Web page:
Raloxifene as Effective as Tamoxifen in Reducing Breast Cancer Risk
Tamoxifen is a medication approved by the US Food and Drug Administration to help reduce ]]>breast cancer]]> risk. Another medication, raloxifene—currently used to prevent and treat ]]>osteoporosis]]> —has shown promise in reducing breast cancer risk in postmenopausal women with osteoporosis. Both medications are so-called selective estrogen receptor modulators (SERMS), which act like estrogen on certain tissues (eg, bones) and block estrogen on other tissues (eg, breast cancer cells).
A new study that will be published in the June 21, 2006 issue of the Journal of the American Medical Association found that raloxifene is as effective as tamoxifen in reducing the risk of invasive breast cancer. Both medications, however, were associated with a specific set of risks and benefits.
About the Study
This study included 19,747 postmenopausal women who were randomly assigned to receive either tamoxifen (20 milligrams per day) or raloxifene (60 milligrams per day) for up to five years. The women were at increased risk of developing invasive breast cancer, in most cases due to a family history of breast cancer, or a personal history of noninvasive breast cancer or abnormal breast biopsy. The researchers evaluated the participants every six months to determine if they had developed breast cancer, other cancers, cardiovascular problems, or bone fractures.
During the study, 331 participants developed invasive breast cancer. There was no difference between tamoxifen and raloxifene in reducing the risk of invasive breast cancer. Blood clots (eg, in the lungs or deep veins) occurred 30% less often in the raloxifene group than in the tamoxifen group. The risk of developing cataracts and having cataract surgery was lower in the raloxifene group as well.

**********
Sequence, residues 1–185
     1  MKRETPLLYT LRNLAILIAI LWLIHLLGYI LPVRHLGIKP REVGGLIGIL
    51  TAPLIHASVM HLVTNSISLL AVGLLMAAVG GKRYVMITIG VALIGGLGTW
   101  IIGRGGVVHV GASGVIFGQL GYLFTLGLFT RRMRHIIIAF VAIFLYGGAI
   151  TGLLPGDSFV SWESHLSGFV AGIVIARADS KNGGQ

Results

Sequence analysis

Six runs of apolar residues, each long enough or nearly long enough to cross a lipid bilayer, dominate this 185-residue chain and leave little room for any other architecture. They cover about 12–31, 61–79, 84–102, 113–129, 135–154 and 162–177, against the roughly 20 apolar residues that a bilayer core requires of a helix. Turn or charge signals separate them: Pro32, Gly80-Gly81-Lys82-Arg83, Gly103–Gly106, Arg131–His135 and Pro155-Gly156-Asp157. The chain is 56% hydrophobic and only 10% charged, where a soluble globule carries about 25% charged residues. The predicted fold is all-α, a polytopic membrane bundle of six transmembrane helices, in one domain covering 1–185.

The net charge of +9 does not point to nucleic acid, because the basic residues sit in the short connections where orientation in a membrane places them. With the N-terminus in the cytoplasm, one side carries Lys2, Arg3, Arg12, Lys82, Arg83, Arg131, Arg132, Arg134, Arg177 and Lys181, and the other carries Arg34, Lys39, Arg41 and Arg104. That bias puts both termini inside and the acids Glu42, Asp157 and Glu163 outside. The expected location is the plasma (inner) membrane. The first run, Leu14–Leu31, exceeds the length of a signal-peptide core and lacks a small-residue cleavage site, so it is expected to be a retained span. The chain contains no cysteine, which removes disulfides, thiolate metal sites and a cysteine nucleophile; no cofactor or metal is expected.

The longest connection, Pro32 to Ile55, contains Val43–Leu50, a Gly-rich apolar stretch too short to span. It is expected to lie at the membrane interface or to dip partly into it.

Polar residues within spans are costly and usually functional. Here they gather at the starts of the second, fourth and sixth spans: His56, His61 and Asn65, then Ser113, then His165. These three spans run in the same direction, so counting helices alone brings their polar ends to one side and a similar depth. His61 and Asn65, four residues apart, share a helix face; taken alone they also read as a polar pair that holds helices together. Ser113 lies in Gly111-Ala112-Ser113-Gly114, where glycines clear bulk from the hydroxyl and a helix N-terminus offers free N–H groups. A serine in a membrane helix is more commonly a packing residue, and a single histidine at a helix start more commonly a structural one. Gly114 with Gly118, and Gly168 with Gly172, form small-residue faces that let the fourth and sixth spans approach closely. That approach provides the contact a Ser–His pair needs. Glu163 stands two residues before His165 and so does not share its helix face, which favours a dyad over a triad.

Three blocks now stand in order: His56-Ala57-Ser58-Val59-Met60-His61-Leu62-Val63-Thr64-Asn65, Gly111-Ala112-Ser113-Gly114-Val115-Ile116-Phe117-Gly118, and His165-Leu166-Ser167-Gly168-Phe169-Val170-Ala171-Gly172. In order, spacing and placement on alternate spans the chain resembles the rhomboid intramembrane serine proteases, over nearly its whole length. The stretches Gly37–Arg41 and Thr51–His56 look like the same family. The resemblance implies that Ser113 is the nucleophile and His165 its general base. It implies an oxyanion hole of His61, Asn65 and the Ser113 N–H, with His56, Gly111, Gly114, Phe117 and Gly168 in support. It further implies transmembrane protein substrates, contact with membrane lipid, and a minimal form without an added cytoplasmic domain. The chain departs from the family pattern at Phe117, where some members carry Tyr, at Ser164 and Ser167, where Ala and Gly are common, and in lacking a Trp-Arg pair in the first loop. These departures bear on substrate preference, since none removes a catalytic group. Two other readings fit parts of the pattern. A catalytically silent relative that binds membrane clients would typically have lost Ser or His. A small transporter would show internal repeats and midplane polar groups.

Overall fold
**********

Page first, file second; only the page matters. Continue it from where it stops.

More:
There were fewer noninvasive breast cancers and more uterine cancers in the tamoxifen group, but these findings did not reach statistical significance. There was no significant difference between the groups in the risk of developing other cancers, heart disease, ]]>stroke]]> , or fractures.
How Does This Affect You?
These findings suggest that raloxifene is as effective as tamoxifen in reducing the risk of breast cancer. In another study in the same journal issue, researchers evaluated a subset of 1,983 participants and found no difference in physical or mental health, although the tamoxifen group reported better sexual function.
Reports of symptom severity were low overall, but women in the tamoxifen group were more likely to report gynecological problems, vasomotor symptoms (eg, night sweats, hot flashes), leg cramps, and bladder control problems, whereas women in the raloxifene group reported more musculoskeletal problems, pain during sexual intercourse, and weight gain.
If you think you are at increased risk of breast cancer, talk to your doctor about how you can reduce your risk. In addition to medications, breast cancer prevention strategies include mastectomy surgery before breast cancer occurs and/or participating in an intensive screening program to reduce the risk of mortality. If you choose the medication route, it is clear that tamoxifen and raloxifene, while generally well tolerated, each has its own unique set of adverse effects to consider when deciding which one is right for you.
National Cancer Institute
Learn About Breast Cancer
American Cancer Society
Breast cancer prevention. National Cancer Institute website. Available at: http://www.cancer.gov/cancertopics/pdq/prevention/breast/Patient/page2 . Accessed June 6, 2006.
Gradishar WJ, Cella D. Selective estrogen receptor modulators and prevention of invasive breast cancer. JAMA . 2006;295 (published online).
Land SR, Wickerham DL, Constantino JP, et al. Patient-reported symptoms and quality of life during treatment with tamoxifen or raloxifene for breast cancer prevention. JAMA . 2006;295 (published online).
Vogel VG, Constantino JP, Wickerham DL, et al. Efffects of tamoxifen vs raloxifene on the risk of developing invasive breast cancer and other disease outcomes. JAMA . 2006;295. (published online).
Last reviewed June 2006 by ]]>Richard Glickman-Simon, MD]]>
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